Fish and Fowl in Israel
I’ve only been in Tel Aviv one day and have already seen two fantastic pieces. The first was Rooster by Barak Marshall. The second was Trout by Inbal Pinto. Both were totally absorbing and consuming and represent the best of International Exposure, which is sort of the Israel APAP but also for the public.
In Rooster, the group sectons had wonderful, funny, unison gestures to pounding rhythms. Striving but funny. Big purple fuzzy fans (Las Vegas style) served as reminders of rooster combs (I know that’s not the real word for it). At one point a single man heaves and huffs and produces an egg from his mouth. And again, and again. The rest of the group surrounds him with admiring sighs. Whether it’s a gender comment or not, it’s very funny and arduous. Marshall’s mother, the great Israeli dancer Margalit Oved, appears from time to time to sing a shrill lulleby and dazzle us with her elegance and theatricality.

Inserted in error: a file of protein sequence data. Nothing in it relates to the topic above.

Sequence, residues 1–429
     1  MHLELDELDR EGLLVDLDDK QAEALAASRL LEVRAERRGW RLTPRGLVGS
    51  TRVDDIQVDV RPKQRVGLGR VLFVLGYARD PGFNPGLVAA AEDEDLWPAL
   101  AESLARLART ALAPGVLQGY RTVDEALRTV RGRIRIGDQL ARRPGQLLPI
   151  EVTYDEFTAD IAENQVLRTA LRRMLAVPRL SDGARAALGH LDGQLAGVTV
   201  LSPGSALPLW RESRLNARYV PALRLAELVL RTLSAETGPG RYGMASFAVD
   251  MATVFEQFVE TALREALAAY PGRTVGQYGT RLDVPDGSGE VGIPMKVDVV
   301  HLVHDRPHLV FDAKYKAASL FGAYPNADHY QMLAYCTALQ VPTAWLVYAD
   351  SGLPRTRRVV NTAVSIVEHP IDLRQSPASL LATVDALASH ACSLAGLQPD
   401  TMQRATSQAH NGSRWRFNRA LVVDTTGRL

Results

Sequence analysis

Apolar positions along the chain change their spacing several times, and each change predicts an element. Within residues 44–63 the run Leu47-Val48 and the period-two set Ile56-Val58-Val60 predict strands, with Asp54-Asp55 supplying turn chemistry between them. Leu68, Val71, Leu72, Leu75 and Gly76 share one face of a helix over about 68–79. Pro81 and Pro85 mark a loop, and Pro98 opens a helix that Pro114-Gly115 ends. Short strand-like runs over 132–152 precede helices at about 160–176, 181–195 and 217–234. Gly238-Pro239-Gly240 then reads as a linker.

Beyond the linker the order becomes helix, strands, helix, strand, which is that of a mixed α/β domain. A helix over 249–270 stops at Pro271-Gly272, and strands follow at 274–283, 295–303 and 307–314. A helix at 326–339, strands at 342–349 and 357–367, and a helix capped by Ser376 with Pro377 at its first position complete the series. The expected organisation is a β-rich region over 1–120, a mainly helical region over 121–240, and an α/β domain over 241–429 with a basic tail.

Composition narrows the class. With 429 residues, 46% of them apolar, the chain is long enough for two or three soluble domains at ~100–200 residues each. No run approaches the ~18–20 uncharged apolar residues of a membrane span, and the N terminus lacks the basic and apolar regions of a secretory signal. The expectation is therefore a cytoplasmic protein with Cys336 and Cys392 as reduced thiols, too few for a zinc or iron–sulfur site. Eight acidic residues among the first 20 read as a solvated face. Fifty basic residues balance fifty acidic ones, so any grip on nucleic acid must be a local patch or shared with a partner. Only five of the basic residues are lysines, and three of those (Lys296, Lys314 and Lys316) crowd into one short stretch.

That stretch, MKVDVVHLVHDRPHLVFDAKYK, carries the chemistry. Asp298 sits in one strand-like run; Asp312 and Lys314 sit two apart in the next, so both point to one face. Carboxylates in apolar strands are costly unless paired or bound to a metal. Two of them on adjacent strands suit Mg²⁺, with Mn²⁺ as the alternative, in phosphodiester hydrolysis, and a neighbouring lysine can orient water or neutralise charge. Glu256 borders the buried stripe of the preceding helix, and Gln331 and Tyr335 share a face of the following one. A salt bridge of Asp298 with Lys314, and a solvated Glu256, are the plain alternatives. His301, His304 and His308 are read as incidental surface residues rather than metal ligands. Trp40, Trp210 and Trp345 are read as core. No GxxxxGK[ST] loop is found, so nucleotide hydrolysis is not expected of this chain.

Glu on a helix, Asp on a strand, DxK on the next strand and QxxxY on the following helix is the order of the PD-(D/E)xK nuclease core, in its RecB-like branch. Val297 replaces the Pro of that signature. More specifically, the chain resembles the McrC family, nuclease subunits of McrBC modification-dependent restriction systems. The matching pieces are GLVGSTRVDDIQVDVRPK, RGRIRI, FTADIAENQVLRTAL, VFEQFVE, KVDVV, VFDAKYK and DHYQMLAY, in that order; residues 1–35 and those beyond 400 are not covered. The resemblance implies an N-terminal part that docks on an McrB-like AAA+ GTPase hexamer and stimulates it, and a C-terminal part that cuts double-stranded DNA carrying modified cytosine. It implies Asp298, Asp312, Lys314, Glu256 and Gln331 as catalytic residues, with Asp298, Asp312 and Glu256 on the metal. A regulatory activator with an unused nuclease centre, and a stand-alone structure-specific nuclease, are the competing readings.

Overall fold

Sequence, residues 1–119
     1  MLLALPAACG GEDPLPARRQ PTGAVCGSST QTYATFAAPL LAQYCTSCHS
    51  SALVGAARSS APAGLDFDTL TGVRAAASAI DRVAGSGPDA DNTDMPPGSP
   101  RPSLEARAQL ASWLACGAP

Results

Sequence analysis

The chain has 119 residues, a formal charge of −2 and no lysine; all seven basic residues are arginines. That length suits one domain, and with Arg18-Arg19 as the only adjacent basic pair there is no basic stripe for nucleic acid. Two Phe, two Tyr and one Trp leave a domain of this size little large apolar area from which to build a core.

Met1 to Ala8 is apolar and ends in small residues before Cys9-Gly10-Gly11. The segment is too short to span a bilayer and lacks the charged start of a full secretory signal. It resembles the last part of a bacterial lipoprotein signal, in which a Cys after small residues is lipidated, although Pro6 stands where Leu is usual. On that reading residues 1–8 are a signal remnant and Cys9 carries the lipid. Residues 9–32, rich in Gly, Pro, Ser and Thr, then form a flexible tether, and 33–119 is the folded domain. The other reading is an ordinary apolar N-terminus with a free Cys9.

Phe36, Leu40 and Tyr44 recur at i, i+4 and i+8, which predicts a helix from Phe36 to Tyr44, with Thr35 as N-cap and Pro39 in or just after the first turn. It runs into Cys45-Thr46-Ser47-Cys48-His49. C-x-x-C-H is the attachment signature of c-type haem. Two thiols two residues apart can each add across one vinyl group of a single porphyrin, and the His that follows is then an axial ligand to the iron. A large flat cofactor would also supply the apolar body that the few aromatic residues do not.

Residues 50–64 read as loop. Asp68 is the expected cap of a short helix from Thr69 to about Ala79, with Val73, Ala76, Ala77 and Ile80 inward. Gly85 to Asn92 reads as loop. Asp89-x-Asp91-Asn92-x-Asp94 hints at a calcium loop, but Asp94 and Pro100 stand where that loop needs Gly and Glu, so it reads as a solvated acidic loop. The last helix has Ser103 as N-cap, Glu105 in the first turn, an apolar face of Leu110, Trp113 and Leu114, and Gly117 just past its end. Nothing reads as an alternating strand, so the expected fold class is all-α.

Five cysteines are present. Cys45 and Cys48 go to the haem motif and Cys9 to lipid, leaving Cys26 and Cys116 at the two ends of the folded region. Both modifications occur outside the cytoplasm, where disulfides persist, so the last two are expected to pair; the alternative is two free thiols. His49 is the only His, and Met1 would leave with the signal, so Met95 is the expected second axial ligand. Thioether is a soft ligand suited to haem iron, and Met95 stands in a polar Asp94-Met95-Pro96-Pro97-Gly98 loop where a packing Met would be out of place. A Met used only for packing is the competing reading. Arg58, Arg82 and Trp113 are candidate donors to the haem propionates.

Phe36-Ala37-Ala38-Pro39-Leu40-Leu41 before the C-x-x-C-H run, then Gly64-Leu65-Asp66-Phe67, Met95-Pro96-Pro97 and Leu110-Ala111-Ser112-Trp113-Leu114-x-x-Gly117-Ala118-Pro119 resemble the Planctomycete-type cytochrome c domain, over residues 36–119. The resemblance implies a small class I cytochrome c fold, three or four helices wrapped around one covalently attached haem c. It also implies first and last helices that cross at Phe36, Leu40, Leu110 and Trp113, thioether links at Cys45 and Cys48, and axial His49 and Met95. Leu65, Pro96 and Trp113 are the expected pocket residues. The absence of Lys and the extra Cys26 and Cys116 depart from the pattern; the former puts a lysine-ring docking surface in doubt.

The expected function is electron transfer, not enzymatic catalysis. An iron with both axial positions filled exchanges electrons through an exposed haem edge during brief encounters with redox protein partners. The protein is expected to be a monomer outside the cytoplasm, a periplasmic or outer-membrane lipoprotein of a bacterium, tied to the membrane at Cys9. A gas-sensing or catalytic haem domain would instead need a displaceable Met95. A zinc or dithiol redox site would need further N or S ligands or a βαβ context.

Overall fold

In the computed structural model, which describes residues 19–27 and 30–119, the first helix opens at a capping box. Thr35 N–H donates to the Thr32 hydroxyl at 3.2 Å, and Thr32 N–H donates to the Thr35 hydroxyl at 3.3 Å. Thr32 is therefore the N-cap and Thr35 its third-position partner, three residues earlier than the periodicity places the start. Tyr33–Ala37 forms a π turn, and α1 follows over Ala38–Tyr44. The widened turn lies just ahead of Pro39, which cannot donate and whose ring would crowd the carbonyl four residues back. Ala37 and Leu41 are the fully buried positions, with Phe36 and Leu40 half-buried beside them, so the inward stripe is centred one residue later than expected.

Trout has an amazing set. It’s a room with doors that pop open and a floor filled with a few inches of water. I love their movement for the dancers thrashing around in the water or ridiculously wading in it. A woman wearing a Victorian dress is impossibly elegant with just the hem of her dress immersed. She lets out mumbling sounds from her mouth that build to scarey/funny sounds. Sort of Meredith Monk crossed with Richard Foreman. The characters are bizarre and delightful, just like in Pinto’s piece Rushes for Pilobolus a year or two ago.
Both these pieces show an incredible choreographic imagination at work, like the feeling you get when you watch PIna Bausch. They have gritty, real, or cartoonish characters, and a poetry behind how episodes shift and develop.